"We want to dedicate this performance to the memory of George Balanchine, though we don't dance in the Balanchine way," Frances Smith Cohen announced last night at the Jewish Community Center of Greater Washington, where her Center Dance Company is based. Indeed, the seminal choreographers from whom the program derived were Isadora Duncan, Martha Graham, Jose Limon and, perhaps, Hannah Kahn.

The Duncan allusion is part of the point of Cohen's "A Time Remembered." Childhood innocence is conveyed through the simplicity of early modern dance as a dozen little girls, in tunics like Duncan's own adopted Isadorables, skip and recline, and weave their arms to the strains of Chopin (with Isiah Johnson at the piano). They dance against the green silhouettes of trees. The passage to maturity is illustrated by a girl on the verge of adulthood who is guided by three women. These three figures in their pliant blue dresses suggest by their lyricism that they are the graces. The girl, danced with a fresh air by Lisa Shriver, gradually joins them as an equal. Yet, when she departs, the women become stooped. Perhaps they are supposed to be the three fates.

The genuine charm of Cohen's ideas in this work might have been enhanced by a richer dance texture. However, in her other piece, the idea of doing "Carmen" as if it were Limon's Othello quartet, "The Moor's Pavane," is misbegotten. Shakespeare's people sustain probing beneath the surface. What the Me'rime'e-derived characters feel is seen clearly on the surface. Analysis is redundant. The choreographer does capture Micaela's tender love for Don Jose in a duet for Janet Beller and the agile Geoffrey Harrison. But Shelley Chaffin North as Carmen should have been provided with virtuoso movement to match the Bizet music. Escamillo, danced by Glenn Greene, sometimes got in the way of the action.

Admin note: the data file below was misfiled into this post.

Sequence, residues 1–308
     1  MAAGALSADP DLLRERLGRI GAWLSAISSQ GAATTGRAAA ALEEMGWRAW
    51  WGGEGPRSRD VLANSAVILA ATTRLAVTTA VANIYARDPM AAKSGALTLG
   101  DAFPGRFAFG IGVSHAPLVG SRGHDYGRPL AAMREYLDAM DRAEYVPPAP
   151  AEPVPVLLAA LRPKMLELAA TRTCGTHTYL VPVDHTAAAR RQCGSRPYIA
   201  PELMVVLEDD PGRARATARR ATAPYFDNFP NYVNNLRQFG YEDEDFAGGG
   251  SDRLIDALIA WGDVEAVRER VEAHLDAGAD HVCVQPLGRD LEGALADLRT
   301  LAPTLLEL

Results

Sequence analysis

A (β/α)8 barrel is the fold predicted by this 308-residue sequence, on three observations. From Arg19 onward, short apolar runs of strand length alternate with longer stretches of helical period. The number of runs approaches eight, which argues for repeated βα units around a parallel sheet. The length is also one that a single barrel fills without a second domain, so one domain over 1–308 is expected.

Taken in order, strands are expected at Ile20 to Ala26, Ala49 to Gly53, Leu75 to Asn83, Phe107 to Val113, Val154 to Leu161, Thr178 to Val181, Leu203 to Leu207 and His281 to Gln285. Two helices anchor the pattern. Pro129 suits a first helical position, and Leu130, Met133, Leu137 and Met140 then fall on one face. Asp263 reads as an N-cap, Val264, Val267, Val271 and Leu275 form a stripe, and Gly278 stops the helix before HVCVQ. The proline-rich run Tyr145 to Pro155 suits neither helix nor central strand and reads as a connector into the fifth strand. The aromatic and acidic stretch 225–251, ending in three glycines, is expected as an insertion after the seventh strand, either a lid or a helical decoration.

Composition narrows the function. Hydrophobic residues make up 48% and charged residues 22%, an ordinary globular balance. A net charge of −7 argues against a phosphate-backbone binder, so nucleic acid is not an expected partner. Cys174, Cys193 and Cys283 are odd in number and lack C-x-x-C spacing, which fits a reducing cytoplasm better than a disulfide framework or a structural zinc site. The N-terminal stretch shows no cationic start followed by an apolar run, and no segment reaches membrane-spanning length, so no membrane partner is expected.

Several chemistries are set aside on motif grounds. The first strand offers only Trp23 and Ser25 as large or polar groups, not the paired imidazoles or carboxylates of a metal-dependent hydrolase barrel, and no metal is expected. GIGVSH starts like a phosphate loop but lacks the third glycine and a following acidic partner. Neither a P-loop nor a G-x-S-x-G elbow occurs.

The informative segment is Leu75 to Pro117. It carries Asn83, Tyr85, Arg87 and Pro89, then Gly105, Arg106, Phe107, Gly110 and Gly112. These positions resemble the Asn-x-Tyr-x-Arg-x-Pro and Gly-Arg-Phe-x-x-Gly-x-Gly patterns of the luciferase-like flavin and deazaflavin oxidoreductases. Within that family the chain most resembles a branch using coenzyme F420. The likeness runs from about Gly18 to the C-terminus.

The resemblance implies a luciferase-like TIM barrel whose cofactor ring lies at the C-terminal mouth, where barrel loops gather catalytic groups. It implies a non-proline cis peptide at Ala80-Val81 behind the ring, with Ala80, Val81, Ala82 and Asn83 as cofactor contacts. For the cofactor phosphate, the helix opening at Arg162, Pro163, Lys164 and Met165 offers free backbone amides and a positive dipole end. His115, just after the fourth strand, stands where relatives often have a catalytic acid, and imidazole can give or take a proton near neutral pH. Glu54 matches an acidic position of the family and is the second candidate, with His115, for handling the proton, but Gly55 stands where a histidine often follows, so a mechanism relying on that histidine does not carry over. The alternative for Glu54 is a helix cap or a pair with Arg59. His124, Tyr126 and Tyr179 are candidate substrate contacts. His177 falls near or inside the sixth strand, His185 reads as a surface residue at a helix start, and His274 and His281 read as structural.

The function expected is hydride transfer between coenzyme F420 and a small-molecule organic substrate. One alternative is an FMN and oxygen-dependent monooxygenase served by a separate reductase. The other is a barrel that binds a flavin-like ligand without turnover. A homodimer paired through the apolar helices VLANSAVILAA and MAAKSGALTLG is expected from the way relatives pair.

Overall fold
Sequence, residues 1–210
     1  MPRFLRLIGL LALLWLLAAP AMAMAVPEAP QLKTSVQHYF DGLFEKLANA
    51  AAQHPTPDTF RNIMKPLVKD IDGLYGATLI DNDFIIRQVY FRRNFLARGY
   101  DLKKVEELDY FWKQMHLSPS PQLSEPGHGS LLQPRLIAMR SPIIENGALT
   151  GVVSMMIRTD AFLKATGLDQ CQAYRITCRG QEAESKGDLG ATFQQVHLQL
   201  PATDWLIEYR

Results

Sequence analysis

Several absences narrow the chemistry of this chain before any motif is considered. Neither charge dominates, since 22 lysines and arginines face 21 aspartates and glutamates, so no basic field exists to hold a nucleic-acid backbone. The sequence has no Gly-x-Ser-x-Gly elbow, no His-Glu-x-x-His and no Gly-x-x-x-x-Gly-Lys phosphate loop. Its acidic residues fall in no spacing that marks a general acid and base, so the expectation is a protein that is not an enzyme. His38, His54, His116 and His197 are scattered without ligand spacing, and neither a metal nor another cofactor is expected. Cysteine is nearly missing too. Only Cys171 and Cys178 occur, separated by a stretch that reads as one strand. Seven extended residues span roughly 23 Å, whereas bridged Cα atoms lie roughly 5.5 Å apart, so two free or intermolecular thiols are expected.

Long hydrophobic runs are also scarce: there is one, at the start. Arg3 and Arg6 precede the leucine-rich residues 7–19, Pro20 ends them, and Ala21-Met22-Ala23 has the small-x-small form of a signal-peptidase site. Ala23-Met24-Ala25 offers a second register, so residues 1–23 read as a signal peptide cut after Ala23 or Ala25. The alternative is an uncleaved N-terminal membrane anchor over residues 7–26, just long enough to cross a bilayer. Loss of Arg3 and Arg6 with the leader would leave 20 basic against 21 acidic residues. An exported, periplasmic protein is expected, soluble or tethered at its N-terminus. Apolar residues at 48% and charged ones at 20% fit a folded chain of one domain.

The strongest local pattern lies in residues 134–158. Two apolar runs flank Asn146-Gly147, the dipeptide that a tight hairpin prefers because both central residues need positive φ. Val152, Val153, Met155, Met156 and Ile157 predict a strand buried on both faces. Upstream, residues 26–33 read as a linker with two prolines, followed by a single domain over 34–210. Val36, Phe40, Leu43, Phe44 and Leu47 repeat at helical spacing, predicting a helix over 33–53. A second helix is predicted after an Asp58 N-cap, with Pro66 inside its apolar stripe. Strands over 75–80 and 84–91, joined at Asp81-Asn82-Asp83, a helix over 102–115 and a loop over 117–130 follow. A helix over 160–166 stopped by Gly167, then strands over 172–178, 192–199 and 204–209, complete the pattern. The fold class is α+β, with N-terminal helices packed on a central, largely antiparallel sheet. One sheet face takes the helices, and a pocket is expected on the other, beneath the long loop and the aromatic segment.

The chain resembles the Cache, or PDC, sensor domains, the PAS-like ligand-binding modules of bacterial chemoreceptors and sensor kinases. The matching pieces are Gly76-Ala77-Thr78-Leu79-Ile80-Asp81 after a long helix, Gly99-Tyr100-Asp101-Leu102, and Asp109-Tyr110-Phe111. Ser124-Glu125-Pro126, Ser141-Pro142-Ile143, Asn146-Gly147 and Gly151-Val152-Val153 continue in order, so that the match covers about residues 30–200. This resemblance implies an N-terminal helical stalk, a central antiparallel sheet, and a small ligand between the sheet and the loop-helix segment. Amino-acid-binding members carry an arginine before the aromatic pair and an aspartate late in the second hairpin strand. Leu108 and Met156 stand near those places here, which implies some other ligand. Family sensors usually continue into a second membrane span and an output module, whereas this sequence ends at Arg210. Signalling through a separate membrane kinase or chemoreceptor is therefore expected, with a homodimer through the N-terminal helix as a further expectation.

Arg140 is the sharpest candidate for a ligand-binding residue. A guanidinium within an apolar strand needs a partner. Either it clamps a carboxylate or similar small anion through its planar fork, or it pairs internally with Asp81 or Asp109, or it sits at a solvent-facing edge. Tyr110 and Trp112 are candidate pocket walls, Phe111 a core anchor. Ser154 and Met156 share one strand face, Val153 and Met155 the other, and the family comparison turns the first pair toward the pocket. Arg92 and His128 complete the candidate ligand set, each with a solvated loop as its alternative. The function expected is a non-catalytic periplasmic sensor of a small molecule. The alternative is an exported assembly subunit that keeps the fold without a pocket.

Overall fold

The Graham cult was evoked and demolished in Ethel Butler's "Splintered Pulse," premiered earlier in the season. Daniel West's "Cellobach" paraphrased its J.S. Bach music in two ways. There were arm positions and body angles that provided a counterpoint to the steps, rather than an accompaniment. This seemed to be the Hannah Kahn aspect of the work. In addition, West used Art Deco group formations--geometric at first, but ending skewed--for North and four other women whom Beth Burkhardt has dressed in orange harem pants and torso girdles banded in blue to add another Art Deco touch.

The most original work on the program was Meriam Rosen's "Unfinished Business," performed by guests from Improvisations Unlimited. On a dark stage, to Charlie Trapp's ominous soundscape, three pairs of dancers make movement that is not what it seems. Helping gestures are lethal. Love is rejection. A run to the right is pulled to the left. Dancing can lie as well as words can.